Konttho (Voice) is based on a true story even if the tale is fictionalised for a mass audience adding in the drama demanded by a mainstream film. Arjun Mullick (Shiboprosad Mukherjeee) is a radio jockey whose very survival is centered on his voice. When the film opens, he is scheduled to win the award for the ‘Best Voice of the Year’. But he suddenly finds that his voice fails him when he has to deliver the awardee speech. He has throat cancer and needs to have his voice box removed. Konttho details Arjun’s journey from the debris his life has been reduced to towards resurrection in a new voice known in medical terms as the ‘oesophageal voice’.
Konttho opens with a number of conflicts and sets out to resolve these one by one, steadily and slowly, permitting the audience to absorb and digest a lot of information about throat cancer without stripping its narrative of colour, emotion and drama. On the home front, Arjun’s wife Pritha (Paoli Dam), an anchor/newsreader on a television channel, is devastated and post surgery, has to confront the sweeping changes in Arjun who finds it impossible to accept that he will never be able to speak ever and takes it out on everyone around him with his wife being the main target.
Romila (Jaya Ahsan), a speech therapist with a successful record in making throat cancer survivors find their voices, is about to leave for her hometown Dhaka in Bangladesh. Pritha somehow manages to persuade her to take on her husband’s case. A different struggle begins for all three. Romila, tries to enthuse Arjun not to give up and then trains him anywhere and everywhere. For instance, in a restaurant, she teaches Arjun to speak with his oesophageal voice, which is extremely tough for him both, emotionally and physically even as people are watching. Jaya Ahsan is outstanding in essaying the different layers of her character, a challenging one where she finds herself falling in love with Arjun who is already married and has a son.
Cancer in any form within the celluloid world has been mainly used as a strategy for heightened melodrama and an overload of histrionics. But directors Shiboprasad Mukherjee and Nandita Roy steer clear of filling the narrative with minute clinical details to focus instead mainly on the human drama that ensues when someone close to you is discovered suffering from cancer. The twists and turns are used almost in a violent manner where we find a family man with a successful career getting sucked into a new world of darkness and depression till Romila enters to change everything.
There is a small sub-plot that shows a senior cancer survivor (Paran Bandopadhyay) holding counselling sessions with patients suffering from throat cancer and teaching them to speak through their oesophageal voice. This is a marker for Arjun to take his place when the old man passes away. But the script suddenly lapses into tasteless bawdiness where the old man begins talking of how his illness has affected his sex life with his wife. This is like an ugly scar on a beautiful face. However, this is undercut by several other details filled with hope and love. Among these are the friends of Arjun and Pritha who rally around with their solidarity to offer support to the couple in distress. Konineeca Banerjee stands out with the soft heart hidden behind a colorful and loud personality. Another nice touch is when we see the couple’s small son backing away in fear from a father who has turned into a scary stranger for him. In one scene, Arjun pulls his son’s hand and makes him touch his scar and the gap between the father and the son fades away.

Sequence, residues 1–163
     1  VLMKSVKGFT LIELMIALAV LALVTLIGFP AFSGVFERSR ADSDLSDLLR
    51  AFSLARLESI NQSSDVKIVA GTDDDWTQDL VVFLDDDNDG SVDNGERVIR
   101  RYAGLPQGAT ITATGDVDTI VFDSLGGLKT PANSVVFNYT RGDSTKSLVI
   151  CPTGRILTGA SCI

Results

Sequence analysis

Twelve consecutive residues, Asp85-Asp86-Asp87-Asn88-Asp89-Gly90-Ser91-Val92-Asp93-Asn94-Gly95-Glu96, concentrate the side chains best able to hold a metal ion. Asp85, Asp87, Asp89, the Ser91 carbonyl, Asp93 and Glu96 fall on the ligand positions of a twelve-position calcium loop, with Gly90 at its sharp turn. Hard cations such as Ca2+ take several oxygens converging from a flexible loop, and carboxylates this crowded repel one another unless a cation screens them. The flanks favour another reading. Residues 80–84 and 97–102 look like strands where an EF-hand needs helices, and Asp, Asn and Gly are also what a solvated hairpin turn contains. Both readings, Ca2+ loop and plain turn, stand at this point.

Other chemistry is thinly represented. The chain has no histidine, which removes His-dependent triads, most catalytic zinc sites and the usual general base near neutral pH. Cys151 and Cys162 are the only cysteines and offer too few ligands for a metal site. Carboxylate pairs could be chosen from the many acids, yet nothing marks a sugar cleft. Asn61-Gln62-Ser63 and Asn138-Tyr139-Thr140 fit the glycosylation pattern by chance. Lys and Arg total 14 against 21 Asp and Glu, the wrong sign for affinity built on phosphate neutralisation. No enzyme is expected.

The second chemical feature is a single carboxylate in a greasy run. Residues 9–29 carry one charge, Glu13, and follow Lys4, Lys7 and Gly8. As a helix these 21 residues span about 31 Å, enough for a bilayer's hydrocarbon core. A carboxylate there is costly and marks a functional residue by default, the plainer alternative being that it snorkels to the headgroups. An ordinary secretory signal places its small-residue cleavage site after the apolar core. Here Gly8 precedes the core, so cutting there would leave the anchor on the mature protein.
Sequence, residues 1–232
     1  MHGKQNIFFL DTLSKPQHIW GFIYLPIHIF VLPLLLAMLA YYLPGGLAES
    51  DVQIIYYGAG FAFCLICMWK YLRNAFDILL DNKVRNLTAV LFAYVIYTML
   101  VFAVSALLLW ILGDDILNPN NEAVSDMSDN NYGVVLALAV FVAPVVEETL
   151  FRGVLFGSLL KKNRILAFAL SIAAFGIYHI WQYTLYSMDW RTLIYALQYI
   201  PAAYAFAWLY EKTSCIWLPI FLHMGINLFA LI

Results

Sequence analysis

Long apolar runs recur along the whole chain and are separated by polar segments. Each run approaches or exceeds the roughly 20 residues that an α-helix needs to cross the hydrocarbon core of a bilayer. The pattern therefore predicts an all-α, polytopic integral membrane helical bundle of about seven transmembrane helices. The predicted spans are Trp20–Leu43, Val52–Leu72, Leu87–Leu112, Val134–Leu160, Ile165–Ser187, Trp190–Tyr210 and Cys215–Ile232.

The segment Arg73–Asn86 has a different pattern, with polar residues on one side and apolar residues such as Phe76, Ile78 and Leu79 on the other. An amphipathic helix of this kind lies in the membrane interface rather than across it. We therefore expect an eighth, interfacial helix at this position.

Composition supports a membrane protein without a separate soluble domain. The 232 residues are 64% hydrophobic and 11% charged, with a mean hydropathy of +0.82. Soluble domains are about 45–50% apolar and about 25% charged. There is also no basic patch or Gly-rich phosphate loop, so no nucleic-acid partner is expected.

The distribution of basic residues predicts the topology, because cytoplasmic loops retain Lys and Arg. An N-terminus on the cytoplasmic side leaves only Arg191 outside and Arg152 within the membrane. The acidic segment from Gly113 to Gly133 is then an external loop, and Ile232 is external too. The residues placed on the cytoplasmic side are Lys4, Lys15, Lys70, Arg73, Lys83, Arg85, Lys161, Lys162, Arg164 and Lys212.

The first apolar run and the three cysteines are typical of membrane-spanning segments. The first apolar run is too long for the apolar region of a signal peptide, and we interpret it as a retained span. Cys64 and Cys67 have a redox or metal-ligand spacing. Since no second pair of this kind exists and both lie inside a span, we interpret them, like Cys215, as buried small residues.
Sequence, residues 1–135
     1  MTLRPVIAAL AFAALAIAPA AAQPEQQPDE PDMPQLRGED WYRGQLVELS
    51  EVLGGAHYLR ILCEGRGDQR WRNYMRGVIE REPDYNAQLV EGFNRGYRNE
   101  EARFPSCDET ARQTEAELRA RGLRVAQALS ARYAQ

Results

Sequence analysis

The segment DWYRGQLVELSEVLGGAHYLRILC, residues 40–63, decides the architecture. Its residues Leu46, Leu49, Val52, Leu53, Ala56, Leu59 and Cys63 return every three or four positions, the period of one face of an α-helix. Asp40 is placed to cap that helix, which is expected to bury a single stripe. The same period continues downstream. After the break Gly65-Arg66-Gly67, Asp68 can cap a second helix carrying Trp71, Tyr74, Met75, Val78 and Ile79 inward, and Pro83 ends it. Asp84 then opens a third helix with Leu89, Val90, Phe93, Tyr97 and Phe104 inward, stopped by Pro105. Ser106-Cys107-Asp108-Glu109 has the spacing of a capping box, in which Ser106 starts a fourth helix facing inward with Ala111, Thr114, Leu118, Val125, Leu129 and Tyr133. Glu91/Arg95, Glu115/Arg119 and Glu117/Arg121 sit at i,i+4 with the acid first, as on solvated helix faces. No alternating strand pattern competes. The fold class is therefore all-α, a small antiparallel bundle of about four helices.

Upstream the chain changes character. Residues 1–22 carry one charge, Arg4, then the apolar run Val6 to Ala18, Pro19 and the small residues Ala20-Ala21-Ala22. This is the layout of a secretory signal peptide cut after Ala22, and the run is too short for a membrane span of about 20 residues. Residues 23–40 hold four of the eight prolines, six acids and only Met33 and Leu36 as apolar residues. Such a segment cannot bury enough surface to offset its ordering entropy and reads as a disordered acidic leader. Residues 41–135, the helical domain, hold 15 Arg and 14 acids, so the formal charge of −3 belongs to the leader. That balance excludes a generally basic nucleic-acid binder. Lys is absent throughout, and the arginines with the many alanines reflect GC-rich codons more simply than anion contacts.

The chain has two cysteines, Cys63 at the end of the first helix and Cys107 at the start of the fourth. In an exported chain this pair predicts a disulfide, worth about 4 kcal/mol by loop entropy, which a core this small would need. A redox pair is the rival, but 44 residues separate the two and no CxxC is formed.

The songs are beautiful but perhaps, there are one too many. Special mention must be made of Shobai Chup sung beautifully by Sahana Bajpaie and composed by Prasun. It is presented through an imaginative collage of bits and pieces that put together the love story of Arjun and Pritha when they were in love, bonded by their love for voice-centered vocations. The cinematographer, Subankar Dhar, has put it together in the most picturesque manner – with raindrops falling on the earth, a flying umbrella to suggest the monsoon, the flying of dry leaves in autumn, the silhouetted figures of the lovers caught in a mid-long-shot under a tree and so on. Music plays an invisible character in the film, rising and falling with the rise and fall and rise in the drama of the lives of the three people in the film. The editing (Moloy Laha) is seamless and smooth moving between and among very different locations and homes while maintaining the pace and rhythm of the film. But the film would have done better with some clipping towards the end.
But the most amazing quality of the film lies squarely on Shiboprosad Mukherjee’s shoulders who portrays Arjun Mullick. That happy and cheerful look on his face backed by a very friendly and adorable voice is replaced by that lost look of disbelief in his eyes, his anger when he throws things around and his complete feeling of being a failure when nothing, but nothing seems to work. The directors have rightly underscored the lengthy and very painful process of Arjun working on his voice and regaining his lost confidence slowly bit by bit. When Arjun learns with rigorous practice to use his voice differently, he creates an ‘alien’ mechanised voice for his listeners and fans for a newly devised programme on the same channel he worked for. This defines a beautiful but imposed tribute to the Ghost King in Satyajit Ray’s Goopy Gyne Bagha Byne, which celebrated its 50th birthday two days before Konttho released. However it has to be said, Konttho would have ‘spoken’ with equal eloquence and emotion even without this tribute.
Bengali, Drama, Color